Hall's second album, From Joy, harks back to simpler times. It collects eight recordings from before 2010, when he was still a teenager living at his dad's place, free to spend countless hours making tracks in the basement. The house was on Joy Street in Detroit, but the "joy" in the title refers to more than that. "For me, the idea of joy is an individual's experience of freedom," Hall recently told The Fader. "For many, it can be seen as a return to youth. Not having obligations gives you a certain weightlessness that allows for continued creativity."
From Joy clearly emanates from a mind at ease. Throughout the album, there's not a grey cloud in the sky—the melodies are soaring, the rhythms upbeat, the overall mood one of total optimism. Many of Hall's other records show him mutilating his influences into strange and almost unrecognizable sounds. Here, he channels them more faithfully, with clear echoes of funk, jazz and soul adding to the carefree feel.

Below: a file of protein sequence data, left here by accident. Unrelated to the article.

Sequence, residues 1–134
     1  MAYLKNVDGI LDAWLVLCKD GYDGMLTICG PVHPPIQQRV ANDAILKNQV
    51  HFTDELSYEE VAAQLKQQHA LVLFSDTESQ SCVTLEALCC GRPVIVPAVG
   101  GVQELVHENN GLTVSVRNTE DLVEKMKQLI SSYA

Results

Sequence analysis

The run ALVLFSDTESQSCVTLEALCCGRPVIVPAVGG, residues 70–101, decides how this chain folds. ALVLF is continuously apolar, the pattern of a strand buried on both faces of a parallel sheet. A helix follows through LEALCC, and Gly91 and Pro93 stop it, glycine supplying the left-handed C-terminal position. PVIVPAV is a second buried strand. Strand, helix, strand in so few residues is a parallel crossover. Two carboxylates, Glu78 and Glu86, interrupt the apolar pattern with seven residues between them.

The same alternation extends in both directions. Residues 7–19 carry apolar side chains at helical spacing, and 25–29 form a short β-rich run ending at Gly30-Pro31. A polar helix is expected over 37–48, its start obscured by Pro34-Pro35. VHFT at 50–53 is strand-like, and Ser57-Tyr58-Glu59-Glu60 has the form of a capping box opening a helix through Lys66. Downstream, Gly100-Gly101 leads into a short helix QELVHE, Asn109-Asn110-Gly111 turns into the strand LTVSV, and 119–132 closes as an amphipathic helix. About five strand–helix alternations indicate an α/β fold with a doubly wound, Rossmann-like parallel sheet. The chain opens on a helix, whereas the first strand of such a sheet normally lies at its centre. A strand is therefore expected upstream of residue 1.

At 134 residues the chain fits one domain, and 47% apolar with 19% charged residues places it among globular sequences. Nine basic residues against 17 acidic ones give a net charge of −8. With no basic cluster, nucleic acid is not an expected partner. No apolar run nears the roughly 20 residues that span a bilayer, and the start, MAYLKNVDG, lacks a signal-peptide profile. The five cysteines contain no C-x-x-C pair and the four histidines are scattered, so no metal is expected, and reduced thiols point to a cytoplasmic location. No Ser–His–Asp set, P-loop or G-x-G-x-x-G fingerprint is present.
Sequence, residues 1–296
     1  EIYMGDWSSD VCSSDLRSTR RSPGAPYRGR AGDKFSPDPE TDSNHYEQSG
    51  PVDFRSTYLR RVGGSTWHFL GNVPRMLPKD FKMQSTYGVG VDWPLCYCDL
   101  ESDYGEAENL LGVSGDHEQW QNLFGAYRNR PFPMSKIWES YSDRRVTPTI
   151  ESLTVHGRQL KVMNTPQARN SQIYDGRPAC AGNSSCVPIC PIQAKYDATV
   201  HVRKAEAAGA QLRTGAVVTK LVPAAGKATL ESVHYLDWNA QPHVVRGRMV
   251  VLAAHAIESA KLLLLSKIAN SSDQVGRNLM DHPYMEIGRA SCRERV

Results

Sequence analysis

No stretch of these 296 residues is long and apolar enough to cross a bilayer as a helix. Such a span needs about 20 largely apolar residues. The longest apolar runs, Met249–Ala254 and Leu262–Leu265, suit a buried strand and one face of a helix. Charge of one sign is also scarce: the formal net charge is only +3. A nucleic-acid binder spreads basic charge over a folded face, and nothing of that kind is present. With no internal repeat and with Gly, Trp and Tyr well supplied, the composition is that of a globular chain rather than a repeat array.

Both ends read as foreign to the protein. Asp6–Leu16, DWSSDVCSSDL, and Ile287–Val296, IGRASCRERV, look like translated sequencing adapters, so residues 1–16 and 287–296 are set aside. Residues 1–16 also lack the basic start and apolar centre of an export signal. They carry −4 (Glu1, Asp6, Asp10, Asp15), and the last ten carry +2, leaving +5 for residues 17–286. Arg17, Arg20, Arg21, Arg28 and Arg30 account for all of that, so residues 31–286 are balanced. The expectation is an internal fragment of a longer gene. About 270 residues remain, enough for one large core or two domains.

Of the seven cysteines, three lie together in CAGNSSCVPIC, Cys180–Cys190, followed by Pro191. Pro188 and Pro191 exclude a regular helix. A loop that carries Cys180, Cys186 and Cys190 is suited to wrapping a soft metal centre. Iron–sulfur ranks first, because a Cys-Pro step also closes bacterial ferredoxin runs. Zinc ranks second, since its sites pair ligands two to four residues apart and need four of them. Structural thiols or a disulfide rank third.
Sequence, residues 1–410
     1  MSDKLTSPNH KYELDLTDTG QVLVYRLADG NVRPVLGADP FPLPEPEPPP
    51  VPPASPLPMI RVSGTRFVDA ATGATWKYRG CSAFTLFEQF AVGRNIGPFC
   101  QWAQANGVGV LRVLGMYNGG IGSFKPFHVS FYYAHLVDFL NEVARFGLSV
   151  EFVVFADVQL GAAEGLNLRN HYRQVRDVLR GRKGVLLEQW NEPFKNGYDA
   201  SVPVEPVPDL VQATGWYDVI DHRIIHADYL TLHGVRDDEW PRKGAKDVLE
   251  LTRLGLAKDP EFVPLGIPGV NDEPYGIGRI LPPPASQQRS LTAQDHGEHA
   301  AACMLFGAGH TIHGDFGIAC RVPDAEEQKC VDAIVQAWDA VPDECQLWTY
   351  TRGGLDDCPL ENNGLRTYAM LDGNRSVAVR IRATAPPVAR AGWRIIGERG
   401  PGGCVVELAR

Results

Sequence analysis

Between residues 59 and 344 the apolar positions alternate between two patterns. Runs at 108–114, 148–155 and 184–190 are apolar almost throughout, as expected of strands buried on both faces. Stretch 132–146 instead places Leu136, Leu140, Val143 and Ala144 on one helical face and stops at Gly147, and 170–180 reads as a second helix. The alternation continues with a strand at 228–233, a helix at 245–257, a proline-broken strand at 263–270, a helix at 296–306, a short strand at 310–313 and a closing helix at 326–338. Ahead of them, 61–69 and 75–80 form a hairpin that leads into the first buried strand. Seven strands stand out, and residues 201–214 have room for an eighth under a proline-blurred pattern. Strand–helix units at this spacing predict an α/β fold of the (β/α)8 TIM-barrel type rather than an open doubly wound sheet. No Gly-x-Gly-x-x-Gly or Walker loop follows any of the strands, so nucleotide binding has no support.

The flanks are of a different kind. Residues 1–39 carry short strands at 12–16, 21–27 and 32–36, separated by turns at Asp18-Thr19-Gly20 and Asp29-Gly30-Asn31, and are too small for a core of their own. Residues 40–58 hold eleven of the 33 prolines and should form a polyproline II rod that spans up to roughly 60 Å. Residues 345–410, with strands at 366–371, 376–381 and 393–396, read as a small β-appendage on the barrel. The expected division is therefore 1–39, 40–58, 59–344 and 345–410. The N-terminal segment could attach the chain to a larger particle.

As usual with Hall, the compositions are raw in a way that makes you picture him banging them out on an MPC. The parts hang together loosely but reliably, like players in a band. Off-kilter loops form a shimmering backdrop for live improvisations, mainly on rich pianos and buttery synths. Though Hall says jazz wasn't a conscious influence on the record, its rhythms have that rollicking flow. On "Damn! I'm Feelin Real Close," stuttering kick drums follow tattoos of snare hits, with the two parts never falling on the downbeats. "Wake Up And Dip" is a weightless swirl of strings, piano and upright bass, with hardly a kick drum to speak of. Most of the tracks ride swung house grooves, but "Able To" and "Inverse Algebraic" are slower and more syncopated. "Dervenen," one of the album's more streamlined tracks, has the delirious motion of someone rushing down a flight of stairs.
At face value, From Joy is wall-to-wall good vibes, but there's a streak of melancholy to it as well. For Hall, these tracks capture a time and a state of mind that's gone forever—the "weightlessness" of youth he felt before the pressures of adulthood bore down on him. Back then, he couldn't have known that one day, having made it as an artist, he'd long for those sessions in his father's basement. And yet here he is, trawling through recordings of his younger self, enshrining them in this lovingly packaged LP. As a house album, From Joy is as bright and colorful as the painting on its cover, but it's also something bittersweet: an ode to an era gone too soon.